I also fixed the typo in the title. Blogger doesn’t seem to identify spelling errors in the title.


Child: Labor

Perspectives on Politics just published a depressing assessment of the prospects for women in the academy, placing much of the blame for the glass ceiling on the “intractable tension between professional success and family duties.” The section of the article concludes:

“Virtually every woman with children [interviewed] noted the difficulties in balancing career and family. Mary and Gale remind us that family versus career is a human problem, not just one with which women wrestle.”

Hear, hear. While the authors conclude that there is little evidence that society or political science as a profession is taking it seriously as such, one might make the same argument about the study itself, which looks at women in the profession, rather than parents in the profession, including fathers, for whom – at least for that small but growing percentage who takes on half the work at home – may be even more disadvantaged career-wise. (It would have been great to see the sex-disaggregated statistics.)

The authors aren’t alone: a new Caucus within the ISA that is seeking to address family issues within the profession calls itself “Mothers in IR,” reifying the idea that parenting is primarily a women’s issue; at my insitution, the Child Care SubCommittee lobbying for more family-friendly policies is subsumed under the Gender Equity Committee rather than mainstreamed into the Benefits and Welfare process. No wonder the issue isn’t taken very seriously.

In my mind, all this is a huge part of the problem. That’s why, on Father’s Day this week, I was happy to see the New York Times report in-depth on families, mostly working professionals, who have come up with creative arrangements for splitting child-care 50/50 in order to support one another’s careers. The article presents a balanced view of the impacts of equal parenting on the career choices of both men and women, as well as many examples of how it can work and what employers can do to make it easier for fathers and mothers.

But. Even here, it matters quite a lot how you define “work” versus “fun” in child rearing. Dr. Sampson Lee Blair, a sociologist who studies work/family dynamics at University of Buffalo is quoted in the NYT article:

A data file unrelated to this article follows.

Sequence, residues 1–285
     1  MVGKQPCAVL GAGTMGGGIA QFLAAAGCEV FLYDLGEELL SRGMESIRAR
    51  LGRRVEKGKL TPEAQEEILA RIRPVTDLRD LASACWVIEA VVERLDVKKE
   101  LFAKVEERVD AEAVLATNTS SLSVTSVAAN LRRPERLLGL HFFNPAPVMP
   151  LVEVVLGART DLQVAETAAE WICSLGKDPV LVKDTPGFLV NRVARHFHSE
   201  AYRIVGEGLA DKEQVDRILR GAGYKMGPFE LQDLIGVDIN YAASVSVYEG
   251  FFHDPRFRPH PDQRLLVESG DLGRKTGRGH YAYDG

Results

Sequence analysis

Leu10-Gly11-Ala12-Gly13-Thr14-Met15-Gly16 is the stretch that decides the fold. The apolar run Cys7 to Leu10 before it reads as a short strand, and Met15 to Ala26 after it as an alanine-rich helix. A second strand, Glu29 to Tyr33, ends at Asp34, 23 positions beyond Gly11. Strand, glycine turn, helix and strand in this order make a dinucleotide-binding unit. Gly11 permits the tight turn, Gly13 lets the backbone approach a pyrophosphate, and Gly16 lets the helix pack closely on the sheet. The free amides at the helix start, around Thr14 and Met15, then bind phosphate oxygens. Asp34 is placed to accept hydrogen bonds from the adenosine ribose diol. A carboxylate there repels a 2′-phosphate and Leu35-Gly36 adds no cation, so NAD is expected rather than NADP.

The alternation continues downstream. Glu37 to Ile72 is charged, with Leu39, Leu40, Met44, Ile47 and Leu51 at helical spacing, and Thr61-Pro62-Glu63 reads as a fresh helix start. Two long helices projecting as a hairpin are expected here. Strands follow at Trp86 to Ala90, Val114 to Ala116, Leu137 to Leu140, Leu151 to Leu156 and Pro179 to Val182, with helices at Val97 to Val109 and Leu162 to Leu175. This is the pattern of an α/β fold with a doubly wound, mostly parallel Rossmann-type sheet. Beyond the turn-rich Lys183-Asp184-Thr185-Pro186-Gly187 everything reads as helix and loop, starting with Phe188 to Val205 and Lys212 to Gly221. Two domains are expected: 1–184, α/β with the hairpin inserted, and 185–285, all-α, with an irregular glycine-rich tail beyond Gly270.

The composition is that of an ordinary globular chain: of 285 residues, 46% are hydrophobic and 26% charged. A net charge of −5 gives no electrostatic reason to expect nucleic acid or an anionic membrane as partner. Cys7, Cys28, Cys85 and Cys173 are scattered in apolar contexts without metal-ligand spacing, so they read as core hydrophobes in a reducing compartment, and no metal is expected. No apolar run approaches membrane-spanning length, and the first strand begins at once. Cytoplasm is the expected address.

“The social scientist’s definition of child care “is attending to the physical needs of a child — dressing a child, cooking for a child, feeding and cleaning them,” Blair says. It doesn’t include the fun stuff, like playing and reading and kissing good night.”

Hello: I say, reading at night is work, too, for three reasons.

A) It is of value to the kid; it doesn’t matter whether it’s fun or not – I also love my job as a teacher, but that doesn’t mean I shouldn’t get paid.

B) Sometimes, it’s not fun, lying in bed with a book at 8pm when you’re exhausted but know you need to get back up to troll around on blogs watch the Daily Show prep for class and have to struggle to stay awake while you do it – that can be work.

Part of the problem is that society wants to exclude from the definition of “work” anything that society thinks we’re supposed to want to do unconditionally out of love, regardless of how hard it is or what its actual economic value. This assumption needs to be challenged of caring work done by both sexes. My husband may love to garden and fix things, but that doesn’t mean I should discount these contributions to our household as “hobbies.”

In her (once again, inaptly titled) book The Price of Motherhood, Ann Crittenden offers a better definition of the the economic value of the labor it takes to raise children well: the price you would have to pay someone else to do the work for you.

What if we calculated the cost of this labor of child rearing as a percentage of GDP?


The Politics of the DH

Today, I read an interesting article linking baseball and political science — “The Etiology of Public Support for the Designated Hitter Rule,” (warning: pdf) by Christopher Zorn and Jeff Gill, published in the Quarterly Journal of Political Science. Despite the jargon, the piece is quite readable.

Zorn and Gill report evidence that baseball fans are far more likely to embrace the designated hitter (DH) if they are Democrats:

Most important, and consistent with our expectations, we find that self-identified Democratic Party members are more likely to support the DH rule than are either independents or Republicans; the odds ratio of 1.90 suggests that, on average, Democrats are 90 percent more likely to support the rule than are independents. This implies (we think) that the values that draw the respondents to the Democrats are linked to those associated with supporting the rule. At the same time, the reverse is not true: Republicans are no more or less likely to support the DH rule than are political independents.

Their explanation for this finding makes intuitive sense.

As Zorn and Gill explain, the DH is arguably the greatest rules change in the history of baseball — and Democrats are more accepting of “socio-political” changes.

Younger fans like the DH a bit more — each year of age decreases support for the DH by 1.3%.

The also find a gender gap. Women are three times as likely to support the DH as men. All respondents were self-identified baseball fans, included in a larger CBS News survey taken in 1997.

Interleague play did not engender the same sort of socio-political division.

I know that Peter (Indians), Patrick (Yankees) and I (Royals) all grew up as fans of American League teams, which the authors hypothesize makes us more accepting of the DH. They could not fully test this relationship because of limits in the data (i.e., the pollsters didn’t ask the right questions).

Note to Zorn and Gill in regard to footnote 18: There may not be data showing an increased Japanese-American fan base, but there is evidence of increased interest in American baseball in Japan — thanks to the U.S. success of Nomo, Ichiro, Matsui, et al.

Hat tip: I learned about Zorn and Gill from my colleague who works with quantitative data about American public opinion and political behavior, Jason Gainous.